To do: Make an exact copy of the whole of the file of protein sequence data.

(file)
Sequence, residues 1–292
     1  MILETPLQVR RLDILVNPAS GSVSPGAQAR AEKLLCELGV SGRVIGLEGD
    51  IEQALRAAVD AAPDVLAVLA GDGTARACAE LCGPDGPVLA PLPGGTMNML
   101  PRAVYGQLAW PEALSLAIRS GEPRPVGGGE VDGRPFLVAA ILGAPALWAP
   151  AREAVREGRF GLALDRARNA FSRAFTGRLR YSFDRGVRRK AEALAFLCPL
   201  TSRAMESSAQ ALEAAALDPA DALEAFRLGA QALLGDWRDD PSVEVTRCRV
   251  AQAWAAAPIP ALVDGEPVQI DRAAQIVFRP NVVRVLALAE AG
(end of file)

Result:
Sequence, residues 1–292
     1  MILETPLQVR RLDILVNPAS GSVSPGAQAR AEKLLCELGV SGRVIGLEGD
    51  IEQALRAAVD AAPDVLAVLA GDGTARACAE LCGPDGPVLA PLPGGTMNML
   101  PRAVYGQLAW PEALSLAIRS GEPRPVGGGE VDGRPFLVAA ILGAPALWAP
   151  AREAVREGRF GLALDRARNA FSRAFTGRLR YSFDRGVRRK AEALAFLCPL
   201  TSRAMESSAQ ALEAAALDPA DALEAFRLGA QALLGDWRDD PSVEVTRCRV
   251  AQAWAAAPIP ALVDGEPVQI DRAAQIVFRP NVVRVLALAE AG